Dilated eyes, elevated pulse rate and blood pressure, sweating, reduced appetite, dry mouth, and shakiness are all physical symptoms of LSD.

Marijuana

Despite its recent legalization for medicinal treatment in several countries, it is the most commonly used illicit substance.

The dried leaves, buds, roots, and seeds of the hemp (Cannabis sativa) plant are referred to as marijuana. Marijuana is mostly smoked, but it may also be consumed by adding it to foods.

It’s also known as Blunt, Bud, Dope, Ganja, Grass, Green, Herb, Joint, Mary Jane, Pot, Reefer, Skunk, Smoke, Trees, Weed, Ashish, Boom, Hash, and Hemp are several of the terms used to describe marijuana.

 
What kind of medication is it?

It has stimulant and depressant effects, as well as hallucinogenic properties.

 
What are the consequences?

Marijuana includes the chemical THC, which interacts with various sections of the brain to provide the “rush" that patients feel, including shifts in sensations, mood, body motions, thought, and memory.

Marijuana consumption on a daily basis may have a detrimental impact on brain function and contribute to neurological difficulties. For certain individuals, it may become addictive, and it may also induce severe health conditions such as respiratory difficulties, elevated heart pressure, and a greater chance of heart disease, as well as stress, anxiety, and suicidal thinking. Strong MJ usage has been related to cognitive disability and psychiatric disorders such as schizophrenia in young adults. Chronic use, on the other hand, has not been linked to severe medical problems in adults.

Methamphetamines

Meth is a white substance that is ingested, smoked, snorted, or injected by patients. It’s made up of a mixture of dangerous chemicals and pseudoephedrine, a popular component in cold prescriptions.

It’s also known as Chalk, Crank, and Ice are also examples of crystal meth.

 
What kind of medication is it?

It’s a stimulant.

 
What are the consequences?

Meth causes an intense high that disappears rapidly. As a consequence, people often take it, again and again, rendering it somewhat addictive. Some stimulants, such as cocaine and amphetamines, have similar physical results.

Among the results that can be generated are:

  • Increased rate of breathing
  • Rapid heart rate
  • High blood pressure
  • A rise in body temperature

Meth can cause excessive weight loss, skin sores, and serious dental problems if used repeatedly over time. Anxiety, confusion, insomnia, hallucinations and delusions, and hysteria are common symptoms of chronic offenders. When exchanging needles and other injection supplies, injecting the drug will increase the chance of contracting HIV or hepatitis.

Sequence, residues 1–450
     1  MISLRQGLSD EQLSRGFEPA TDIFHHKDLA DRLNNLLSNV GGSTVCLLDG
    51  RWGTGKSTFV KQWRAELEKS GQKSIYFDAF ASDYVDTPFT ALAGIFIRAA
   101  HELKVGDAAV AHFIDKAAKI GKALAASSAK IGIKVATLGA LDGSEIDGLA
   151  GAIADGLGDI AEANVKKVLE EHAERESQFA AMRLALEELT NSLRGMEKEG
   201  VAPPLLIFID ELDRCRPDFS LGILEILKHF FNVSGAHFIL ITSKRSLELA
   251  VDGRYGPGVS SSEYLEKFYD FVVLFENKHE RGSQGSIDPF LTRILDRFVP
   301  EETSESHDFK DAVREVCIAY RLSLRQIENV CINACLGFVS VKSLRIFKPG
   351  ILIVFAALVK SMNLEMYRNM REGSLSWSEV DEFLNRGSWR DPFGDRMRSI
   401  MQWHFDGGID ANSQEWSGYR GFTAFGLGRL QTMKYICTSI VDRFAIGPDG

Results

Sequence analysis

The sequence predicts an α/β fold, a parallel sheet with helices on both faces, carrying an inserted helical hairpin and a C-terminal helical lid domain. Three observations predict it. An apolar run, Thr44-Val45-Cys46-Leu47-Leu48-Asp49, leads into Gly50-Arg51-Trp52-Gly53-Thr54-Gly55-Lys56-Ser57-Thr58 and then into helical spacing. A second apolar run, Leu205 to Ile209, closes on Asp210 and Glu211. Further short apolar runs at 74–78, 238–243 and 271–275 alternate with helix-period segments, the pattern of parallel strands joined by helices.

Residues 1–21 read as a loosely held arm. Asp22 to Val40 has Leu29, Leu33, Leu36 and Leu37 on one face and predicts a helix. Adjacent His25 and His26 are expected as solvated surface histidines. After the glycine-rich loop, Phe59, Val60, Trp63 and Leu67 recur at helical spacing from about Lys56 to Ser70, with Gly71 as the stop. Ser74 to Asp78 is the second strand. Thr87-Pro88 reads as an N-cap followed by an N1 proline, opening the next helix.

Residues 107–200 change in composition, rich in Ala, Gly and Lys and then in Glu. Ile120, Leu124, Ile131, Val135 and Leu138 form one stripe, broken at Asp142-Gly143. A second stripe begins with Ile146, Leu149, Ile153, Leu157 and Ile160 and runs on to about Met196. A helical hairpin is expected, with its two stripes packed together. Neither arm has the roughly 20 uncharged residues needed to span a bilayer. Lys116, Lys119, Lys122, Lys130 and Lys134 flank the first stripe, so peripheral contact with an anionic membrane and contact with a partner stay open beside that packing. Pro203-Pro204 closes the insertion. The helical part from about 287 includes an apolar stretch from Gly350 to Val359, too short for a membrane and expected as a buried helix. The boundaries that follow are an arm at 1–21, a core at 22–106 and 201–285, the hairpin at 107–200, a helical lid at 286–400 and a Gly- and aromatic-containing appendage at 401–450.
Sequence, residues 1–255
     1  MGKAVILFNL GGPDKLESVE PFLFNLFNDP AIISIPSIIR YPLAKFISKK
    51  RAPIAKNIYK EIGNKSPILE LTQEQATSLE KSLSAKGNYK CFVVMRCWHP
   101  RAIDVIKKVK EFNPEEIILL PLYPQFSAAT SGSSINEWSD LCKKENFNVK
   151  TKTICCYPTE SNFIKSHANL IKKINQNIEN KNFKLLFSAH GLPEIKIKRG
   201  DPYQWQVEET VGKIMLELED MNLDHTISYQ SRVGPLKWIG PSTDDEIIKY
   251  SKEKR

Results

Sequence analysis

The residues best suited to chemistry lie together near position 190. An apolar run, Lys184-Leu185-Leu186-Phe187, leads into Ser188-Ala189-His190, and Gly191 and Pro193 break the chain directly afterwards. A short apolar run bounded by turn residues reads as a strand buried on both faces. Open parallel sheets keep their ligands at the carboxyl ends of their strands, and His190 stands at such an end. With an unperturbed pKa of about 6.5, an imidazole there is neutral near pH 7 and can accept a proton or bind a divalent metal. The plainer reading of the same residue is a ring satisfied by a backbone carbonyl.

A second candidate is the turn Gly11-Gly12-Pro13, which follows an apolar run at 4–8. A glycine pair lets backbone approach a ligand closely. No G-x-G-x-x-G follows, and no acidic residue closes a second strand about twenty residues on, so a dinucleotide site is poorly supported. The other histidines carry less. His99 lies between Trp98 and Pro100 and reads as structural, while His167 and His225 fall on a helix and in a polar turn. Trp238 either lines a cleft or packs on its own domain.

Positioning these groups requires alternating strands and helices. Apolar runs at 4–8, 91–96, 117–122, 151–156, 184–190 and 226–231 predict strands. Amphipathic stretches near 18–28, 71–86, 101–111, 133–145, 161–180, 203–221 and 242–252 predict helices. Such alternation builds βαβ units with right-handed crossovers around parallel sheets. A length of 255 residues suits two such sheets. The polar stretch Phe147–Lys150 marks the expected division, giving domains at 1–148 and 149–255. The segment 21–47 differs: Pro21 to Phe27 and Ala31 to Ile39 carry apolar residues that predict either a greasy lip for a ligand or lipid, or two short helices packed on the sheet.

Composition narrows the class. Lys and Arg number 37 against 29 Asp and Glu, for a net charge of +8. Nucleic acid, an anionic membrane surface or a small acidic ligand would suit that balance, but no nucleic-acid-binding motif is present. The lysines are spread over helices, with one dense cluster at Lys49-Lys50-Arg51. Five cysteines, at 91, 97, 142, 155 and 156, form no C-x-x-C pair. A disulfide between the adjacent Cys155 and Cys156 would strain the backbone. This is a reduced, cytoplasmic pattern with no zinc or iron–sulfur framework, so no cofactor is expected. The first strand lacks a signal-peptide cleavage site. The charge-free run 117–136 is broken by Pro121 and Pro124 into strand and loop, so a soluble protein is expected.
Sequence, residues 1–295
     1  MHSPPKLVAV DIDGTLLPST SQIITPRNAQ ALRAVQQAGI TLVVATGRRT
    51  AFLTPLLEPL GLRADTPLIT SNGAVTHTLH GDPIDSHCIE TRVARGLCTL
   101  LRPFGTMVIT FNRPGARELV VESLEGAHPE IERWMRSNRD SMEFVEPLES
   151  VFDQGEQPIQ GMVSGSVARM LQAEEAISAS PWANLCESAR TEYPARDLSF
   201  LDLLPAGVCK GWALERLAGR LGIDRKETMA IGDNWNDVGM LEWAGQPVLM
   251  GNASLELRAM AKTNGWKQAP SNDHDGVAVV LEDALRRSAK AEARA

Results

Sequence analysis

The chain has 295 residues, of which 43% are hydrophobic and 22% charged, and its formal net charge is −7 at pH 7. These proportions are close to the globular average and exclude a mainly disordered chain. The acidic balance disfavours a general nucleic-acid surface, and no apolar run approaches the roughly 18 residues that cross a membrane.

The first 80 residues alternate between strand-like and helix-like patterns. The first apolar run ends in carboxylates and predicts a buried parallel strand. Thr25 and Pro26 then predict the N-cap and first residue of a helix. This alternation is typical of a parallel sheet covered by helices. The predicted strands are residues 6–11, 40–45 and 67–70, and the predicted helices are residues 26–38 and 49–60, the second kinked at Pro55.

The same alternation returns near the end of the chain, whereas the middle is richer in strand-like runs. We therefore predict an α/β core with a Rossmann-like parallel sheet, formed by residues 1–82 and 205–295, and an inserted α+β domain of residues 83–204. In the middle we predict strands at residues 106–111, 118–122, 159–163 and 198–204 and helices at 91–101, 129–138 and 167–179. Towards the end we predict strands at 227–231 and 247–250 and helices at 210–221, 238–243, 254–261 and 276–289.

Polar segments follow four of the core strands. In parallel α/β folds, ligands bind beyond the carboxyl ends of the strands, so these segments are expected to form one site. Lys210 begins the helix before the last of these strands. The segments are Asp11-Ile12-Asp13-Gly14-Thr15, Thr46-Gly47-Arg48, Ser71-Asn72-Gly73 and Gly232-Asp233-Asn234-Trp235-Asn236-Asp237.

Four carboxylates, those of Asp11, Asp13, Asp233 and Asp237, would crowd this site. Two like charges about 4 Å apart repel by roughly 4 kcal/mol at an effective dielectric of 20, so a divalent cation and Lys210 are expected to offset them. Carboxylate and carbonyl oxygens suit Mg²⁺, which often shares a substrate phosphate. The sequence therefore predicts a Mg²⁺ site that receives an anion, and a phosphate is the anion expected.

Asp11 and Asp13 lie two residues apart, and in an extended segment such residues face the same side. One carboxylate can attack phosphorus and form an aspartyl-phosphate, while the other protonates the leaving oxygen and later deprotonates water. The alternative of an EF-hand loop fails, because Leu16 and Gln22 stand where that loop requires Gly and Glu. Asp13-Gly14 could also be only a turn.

It may induce premature abortion, low birth weight, birth abnormalities, and a baby born addicted to the opioid if taken during pregnancy.

Mushrooms

To get a buzz, psilocybin and peyote mushrooms are ingested, brewed into a drink, or added to foods. Physical dependency is rarely present for hallucinogens, hence the presence of cravings.

They’re also known as: Boomers, Little Smoke, Magic Mushrooms, and Shrooms are all characters in the game Boomers, Little Smoke, Magic Mushrooms, and Shrooms.

 
What kind of medication is it?

Psilocybin, a hallucinogen present in many varieties of mushrooms, is the active ingredient.

 
What are the consequences?

The symptoms begin to appear after around 20 minutes and can last up to 6 hours. Mushrooms, like LSD, can induce hallucinations, altered perceptions of time, and an inability to distinguish what is true from what is really not.

Panic, psychosis, and flashbacks may occur after taking large doses or doing drugs for an extended period of time. They may also induce dilation of the pupils, nausea, and vomiting.

Salvia

This drug is produced from a mint-family herb that is common in areas of Mexico. Its leaves are chewed or smoked by users.

It’s also known as Maria Pastora, Diviner’s Sage, Sally-D, and Magic Mint.

 
What kind of medication is it?

It’s a hallucinogen.

 
What are the consequences?

The effects of the medication are powerful but short-lived, beginning within 5 to 10 minutes and lasting about 30 minutes. Changes in vision, temperament, thoughts, and body experiences are among the hallucinogenic symptoms.